When George Shrader ran his credit to buy a house, he found thousands of dollars in past-due Verizon wireless bills. But he was never a customer!
“Everybody at Verizon says the same thing, ‘This is funny. I’ve never seen this before.'” Shrader said.
The company’s response?
“She asked my social security number, it didn’t match the account,” Shrader said. “She asked for my address, it didn’t match the account.”
There were no answers.
“I sent all my information last Friday and still today, I have not heard one thing back from them,” Shrader said. “All they will do is take my number when I call. They won’t even talk to me about it.”
Shrader called 8 On Your Side after our investigation into two other fraudulent accounts. In these recent cases, some thief used stolen information to open the accounts online. Verizon is at a loss for an explanation.
Cyber security expert Sri Sridharan of the USF Center for Cybersecurity, said: “There’s something going on that we don’t know what the root cause of it is.”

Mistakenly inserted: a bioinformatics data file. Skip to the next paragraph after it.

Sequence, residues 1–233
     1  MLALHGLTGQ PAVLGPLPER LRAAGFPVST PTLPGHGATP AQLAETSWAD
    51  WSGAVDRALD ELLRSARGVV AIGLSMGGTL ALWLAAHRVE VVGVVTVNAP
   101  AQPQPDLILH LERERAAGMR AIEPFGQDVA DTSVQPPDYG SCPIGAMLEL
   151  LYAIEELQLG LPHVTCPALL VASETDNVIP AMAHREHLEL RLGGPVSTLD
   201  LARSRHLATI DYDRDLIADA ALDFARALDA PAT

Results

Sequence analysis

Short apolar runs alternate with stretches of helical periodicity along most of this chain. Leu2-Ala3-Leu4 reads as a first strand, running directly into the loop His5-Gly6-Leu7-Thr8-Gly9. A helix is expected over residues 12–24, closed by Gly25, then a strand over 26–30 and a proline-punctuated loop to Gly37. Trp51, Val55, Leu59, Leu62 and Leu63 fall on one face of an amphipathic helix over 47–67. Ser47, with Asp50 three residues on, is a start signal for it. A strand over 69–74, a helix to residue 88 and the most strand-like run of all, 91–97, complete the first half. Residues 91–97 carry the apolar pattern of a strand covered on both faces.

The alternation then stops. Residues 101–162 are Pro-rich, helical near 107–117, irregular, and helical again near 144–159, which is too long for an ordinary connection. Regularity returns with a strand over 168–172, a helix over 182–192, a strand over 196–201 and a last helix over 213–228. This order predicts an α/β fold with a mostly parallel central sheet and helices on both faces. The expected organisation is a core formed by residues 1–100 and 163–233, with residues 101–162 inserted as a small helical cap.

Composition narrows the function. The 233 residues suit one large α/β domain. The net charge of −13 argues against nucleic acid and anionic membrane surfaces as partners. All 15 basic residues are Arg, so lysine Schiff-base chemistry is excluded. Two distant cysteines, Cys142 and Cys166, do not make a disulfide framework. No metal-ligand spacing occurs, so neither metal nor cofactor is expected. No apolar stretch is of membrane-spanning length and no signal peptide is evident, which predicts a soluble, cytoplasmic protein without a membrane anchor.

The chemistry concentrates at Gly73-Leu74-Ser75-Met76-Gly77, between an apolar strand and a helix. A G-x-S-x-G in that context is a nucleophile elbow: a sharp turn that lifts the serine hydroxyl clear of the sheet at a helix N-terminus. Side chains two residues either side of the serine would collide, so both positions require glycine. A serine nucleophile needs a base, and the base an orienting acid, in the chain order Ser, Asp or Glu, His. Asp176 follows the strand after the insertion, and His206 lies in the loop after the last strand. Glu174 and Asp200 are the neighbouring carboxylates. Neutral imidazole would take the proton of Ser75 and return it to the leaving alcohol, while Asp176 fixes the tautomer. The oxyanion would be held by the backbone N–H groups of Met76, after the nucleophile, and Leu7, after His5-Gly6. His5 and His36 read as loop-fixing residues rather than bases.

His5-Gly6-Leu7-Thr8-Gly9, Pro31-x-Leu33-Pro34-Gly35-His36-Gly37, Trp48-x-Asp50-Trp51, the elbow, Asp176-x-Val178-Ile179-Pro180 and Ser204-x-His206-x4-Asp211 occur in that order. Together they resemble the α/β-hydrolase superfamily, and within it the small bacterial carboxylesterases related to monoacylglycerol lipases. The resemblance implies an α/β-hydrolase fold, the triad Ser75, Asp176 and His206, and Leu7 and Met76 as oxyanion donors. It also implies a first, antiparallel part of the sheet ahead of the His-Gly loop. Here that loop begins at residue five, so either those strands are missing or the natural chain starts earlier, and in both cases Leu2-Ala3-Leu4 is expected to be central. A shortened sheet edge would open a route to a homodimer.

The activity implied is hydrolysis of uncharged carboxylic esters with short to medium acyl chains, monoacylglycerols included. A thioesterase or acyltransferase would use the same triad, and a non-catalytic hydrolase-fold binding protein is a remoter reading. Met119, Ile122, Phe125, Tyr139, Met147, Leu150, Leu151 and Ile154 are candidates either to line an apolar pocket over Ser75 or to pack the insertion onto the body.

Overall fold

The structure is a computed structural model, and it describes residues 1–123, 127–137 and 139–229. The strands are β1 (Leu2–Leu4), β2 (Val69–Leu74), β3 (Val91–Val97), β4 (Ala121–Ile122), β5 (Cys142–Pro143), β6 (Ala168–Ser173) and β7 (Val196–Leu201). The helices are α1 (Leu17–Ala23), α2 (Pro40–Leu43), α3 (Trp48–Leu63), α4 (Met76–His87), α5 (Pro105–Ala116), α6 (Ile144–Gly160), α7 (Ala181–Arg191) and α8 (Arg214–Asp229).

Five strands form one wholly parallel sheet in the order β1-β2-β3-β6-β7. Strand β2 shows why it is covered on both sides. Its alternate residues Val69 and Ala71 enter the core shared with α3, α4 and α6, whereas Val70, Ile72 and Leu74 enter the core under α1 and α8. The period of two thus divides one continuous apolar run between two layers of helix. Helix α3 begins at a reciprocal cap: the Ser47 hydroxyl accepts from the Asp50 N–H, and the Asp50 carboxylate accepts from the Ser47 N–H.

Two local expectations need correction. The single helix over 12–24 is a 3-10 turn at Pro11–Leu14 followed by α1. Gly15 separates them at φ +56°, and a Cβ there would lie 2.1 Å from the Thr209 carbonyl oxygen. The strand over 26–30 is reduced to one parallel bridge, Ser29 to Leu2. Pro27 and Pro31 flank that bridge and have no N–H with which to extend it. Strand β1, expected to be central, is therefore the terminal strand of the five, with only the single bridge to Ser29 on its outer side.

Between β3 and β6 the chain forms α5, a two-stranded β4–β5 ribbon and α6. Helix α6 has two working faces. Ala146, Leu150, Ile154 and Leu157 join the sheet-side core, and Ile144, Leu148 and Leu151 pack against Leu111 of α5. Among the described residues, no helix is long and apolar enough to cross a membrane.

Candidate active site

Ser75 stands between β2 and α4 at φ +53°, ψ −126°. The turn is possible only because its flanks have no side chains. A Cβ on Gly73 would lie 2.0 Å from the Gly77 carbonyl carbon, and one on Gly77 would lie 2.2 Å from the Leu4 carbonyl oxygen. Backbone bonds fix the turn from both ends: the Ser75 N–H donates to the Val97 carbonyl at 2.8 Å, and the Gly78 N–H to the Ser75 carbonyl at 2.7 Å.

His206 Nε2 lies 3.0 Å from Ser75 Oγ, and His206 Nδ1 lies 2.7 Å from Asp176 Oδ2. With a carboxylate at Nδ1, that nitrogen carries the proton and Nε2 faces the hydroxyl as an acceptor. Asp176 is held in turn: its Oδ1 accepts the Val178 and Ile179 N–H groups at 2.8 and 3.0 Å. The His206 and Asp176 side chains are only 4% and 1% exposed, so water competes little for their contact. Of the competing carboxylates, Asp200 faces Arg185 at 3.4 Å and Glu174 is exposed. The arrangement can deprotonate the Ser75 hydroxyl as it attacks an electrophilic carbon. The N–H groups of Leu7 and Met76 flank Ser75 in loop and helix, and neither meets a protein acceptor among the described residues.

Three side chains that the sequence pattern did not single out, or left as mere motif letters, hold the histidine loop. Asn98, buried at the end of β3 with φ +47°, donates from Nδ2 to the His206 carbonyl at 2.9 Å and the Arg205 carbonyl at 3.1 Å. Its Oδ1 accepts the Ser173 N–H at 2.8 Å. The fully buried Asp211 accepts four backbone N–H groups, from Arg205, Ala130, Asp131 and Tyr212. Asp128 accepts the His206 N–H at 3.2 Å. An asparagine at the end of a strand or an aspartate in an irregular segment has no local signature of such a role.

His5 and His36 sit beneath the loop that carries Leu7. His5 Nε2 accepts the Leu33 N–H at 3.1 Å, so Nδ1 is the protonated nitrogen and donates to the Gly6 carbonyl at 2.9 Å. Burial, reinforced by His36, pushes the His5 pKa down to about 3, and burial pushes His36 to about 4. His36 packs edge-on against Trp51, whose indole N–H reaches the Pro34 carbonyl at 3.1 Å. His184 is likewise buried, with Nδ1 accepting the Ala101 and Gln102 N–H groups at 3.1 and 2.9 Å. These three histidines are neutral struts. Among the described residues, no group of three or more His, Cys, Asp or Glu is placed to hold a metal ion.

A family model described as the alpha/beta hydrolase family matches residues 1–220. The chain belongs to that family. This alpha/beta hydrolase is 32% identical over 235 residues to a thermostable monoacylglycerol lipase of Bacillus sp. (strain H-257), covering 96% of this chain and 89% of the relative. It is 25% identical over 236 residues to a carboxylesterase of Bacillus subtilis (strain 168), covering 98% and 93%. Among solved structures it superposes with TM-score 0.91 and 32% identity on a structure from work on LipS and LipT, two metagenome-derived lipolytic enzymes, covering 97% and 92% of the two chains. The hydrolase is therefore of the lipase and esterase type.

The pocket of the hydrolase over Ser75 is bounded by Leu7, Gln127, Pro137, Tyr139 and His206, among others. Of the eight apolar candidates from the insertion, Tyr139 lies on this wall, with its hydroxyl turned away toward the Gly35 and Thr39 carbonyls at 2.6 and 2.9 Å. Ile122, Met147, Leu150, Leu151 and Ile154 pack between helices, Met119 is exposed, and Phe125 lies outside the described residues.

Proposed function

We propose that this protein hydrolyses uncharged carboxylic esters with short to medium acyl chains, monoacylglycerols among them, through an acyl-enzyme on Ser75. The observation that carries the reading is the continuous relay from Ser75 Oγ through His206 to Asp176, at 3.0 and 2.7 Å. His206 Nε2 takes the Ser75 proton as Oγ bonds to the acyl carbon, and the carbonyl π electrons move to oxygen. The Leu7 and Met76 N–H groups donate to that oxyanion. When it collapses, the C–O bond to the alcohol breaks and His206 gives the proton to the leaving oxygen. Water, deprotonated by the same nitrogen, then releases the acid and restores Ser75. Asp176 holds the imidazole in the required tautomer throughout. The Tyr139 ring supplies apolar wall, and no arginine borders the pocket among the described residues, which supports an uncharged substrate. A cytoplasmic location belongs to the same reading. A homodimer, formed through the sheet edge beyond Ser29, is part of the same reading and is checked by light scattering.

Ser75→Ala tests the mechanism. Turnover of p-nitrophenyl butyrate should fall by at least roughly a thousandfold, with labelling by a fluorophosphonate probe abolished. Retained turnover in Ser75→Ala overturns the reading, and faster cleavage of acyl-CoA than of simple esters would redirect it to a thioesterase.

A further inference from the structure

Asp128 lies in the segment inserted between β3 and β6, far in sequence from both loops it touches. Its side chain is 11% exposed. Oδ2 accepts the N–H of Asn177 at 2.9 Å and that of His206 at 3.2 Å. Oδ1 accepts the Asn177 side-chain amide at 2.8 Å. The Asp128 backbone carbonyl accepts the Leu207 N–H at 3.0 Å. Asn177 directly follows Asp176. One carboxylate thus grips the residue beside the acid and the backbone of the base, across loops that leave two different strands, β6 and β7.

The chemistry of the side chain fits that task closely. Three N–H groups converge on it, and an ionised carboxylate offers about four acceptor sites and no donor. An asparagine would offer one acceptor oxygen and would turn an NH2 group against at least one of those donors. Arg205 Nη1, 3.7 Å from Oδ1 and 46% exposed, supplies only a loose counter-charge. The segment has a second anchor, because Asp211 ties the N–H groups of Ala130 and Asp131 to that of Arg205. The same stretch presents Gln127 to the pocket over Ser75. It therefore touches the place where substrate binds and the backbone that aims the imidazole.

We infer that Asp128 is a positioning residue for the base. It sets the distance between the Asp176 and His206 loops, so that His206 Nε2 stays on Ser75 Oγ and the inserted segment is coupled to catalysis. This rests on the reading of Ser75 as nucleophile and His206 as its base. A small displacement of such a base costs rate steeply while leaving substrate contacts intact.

Cell phones are attractive to crooks because they can be dumped quickly and bought online, and that is where Verizon appears to have a weakness, Sridharan said.
Verizon spokeswoman Nicole Gavin said the company is researching what happened and trying to resolve the issues.
She sent this statement by email:
“Verizon is dedicated to protecting our customers
other customers from identity theft. In the unfortunate event that an individual’s identity has been stolen and used to initiate unauthorized Verizon, Verizon Wireless, or FIOS services, you can call our Identity Fraud Hotline at 888.483.7200 (hours 8a-8p) or visit verizonwireless.com/fraud
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